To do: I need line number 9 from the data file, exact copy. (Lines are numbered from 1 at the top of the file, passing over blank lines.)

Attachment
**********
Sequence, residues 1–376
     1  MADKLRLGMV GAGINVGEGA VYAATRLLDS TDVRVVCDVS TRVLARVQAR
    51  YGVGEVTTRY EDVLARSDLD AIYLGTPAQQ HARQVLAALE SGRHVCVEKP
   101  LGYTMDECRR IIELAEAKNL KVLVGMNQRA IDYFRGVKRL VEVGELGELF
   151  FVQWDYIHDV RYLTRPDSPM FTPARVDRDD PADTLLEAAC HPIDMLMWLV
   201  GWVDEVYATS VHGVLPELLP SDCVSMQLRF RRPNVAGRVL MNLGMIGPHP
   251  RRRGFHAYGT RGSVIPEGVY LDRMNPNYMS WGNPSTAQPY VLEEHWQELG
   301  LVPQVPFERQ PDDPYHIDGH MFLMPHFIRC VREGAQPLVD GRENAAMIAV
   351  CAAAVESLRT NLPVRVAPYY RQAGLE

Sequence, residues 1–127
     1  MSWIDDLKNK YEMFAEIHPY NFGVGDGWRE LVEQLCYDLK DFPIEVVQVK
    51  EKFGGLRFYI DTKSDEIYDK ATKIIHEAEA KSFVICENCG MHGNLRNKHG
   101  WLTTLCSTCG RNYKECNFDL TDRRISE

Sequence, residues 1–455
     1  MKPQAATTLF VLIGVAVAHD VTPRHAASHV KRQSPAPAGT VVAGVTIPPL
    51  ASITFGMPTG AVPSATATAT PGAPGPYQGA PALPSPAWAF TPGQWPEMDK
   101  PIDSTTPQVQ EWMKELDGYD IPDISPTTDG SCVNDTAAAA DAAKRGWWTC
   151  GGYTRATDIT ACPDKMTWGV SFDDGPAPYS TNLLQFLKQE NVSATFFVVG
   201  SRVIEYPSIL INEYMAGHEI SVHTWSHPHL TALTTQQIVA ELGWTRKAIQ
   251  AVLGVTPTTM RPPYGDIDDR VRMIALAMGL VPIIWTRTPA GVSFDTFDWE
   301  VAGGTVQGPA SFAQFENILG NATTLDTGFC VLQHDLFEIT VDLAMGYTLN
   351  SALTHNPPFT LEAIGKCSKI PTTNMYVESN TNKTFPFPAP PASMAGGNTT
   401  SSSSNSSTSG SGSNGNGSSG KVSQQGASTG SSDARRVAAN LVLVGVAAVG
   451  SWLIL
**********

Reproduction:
   351  CAAAVESLRT NLPVRVAPYY RQAGLE